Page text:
Five Steps To Turn Your Poetry Collection Into A Book
Poetry has long been a medium of expression and thought, which has evolved into a written reflection of reality and modern culture. The compact yet emotionally significant form of creative writing can drive home an idea or message through metaphors and symbolism while being therapeutic to the writer. Yet, poetry has long been dominated by the literary gatekeepers of the world: the press, editors, magazines, and journals who decide whose voices are heard and whose remain unheard, or unknown rather. While mainstream publishers dismissed poetry as being a genre with little commercial appeal, retailers have always given preferential treatment to acknowledged classics, academic anthologies, and collections by poets in the league of Keats, Poe, and Tennyson. Few poets could dream of ever reaching this level.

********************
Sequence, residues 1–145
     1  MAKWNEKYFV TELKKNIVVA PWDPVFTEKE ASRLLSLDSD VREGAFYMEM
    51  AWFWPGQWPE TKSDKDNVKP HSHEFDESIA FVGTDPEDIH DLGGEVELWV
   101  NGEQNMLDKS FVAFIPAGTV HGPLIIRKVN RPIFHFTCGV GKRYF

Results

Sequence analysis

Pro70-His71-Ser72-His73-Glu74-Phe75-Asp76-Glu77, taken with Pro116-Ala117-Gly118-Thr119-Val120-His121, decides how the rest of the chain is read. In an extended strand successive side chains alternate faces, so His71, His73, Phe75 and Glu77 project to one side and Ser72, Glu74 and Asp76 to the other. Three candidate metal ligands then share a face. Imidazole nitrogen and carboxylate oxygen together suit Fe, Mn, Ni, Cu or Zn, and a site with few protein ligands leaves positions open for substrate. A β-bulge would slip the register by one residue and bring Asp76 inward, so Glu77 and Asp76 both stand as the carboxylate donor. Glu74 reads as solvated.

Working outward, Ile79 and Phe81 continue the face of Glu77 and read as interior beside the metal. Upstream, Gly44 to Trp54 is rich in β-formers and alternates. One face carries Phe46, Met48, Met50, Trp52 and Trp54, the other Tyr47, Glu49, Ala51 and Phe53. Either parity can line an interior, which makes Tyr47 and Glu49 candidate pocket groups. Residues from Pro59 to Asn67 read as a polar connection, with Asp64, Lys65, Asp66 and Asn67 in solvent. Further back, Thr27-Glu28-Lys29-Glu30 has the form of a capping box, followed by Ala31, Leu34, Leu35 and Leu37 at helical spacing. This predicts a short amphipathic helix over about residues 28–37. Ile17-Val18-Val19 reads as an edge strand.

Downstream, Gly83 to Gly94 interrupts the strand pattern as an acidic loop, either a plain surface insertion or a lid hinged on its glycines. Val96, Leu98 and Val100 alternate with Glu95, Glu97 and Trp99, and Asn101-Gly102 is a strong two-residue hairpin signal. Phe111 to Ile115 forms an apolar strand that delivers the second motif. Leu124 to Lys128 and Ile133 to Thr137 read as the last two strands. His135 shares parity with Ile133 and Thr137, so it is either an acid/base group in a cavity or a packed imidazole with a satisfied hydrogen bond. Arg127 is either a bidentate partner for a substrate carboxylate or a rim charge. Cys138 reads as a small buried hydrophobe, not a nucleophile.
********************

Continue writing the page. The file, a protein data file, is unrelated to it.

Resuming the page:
While we are currently experiencing a golden age of publishing thanks to the self-publishing movement, poetry remains a niche market. There are still quite a few barriers for poets who want to distribute their work in the world and make sure it gets discovered by the masses. Niche or not, the takeaway is that there is a market that your poetry collection can be an influential part of, provided you get a few things right. Today, being successful as a poet is far more achievable than it was a few years back, and you can certainly navigate this maze and emerge victorious from the other side of it even without a publisher’s backing. What matters is that you spend some time and effort understanding the following two aspects before you dream of making it big in this sphere: who you are as a poet and who you are writing for.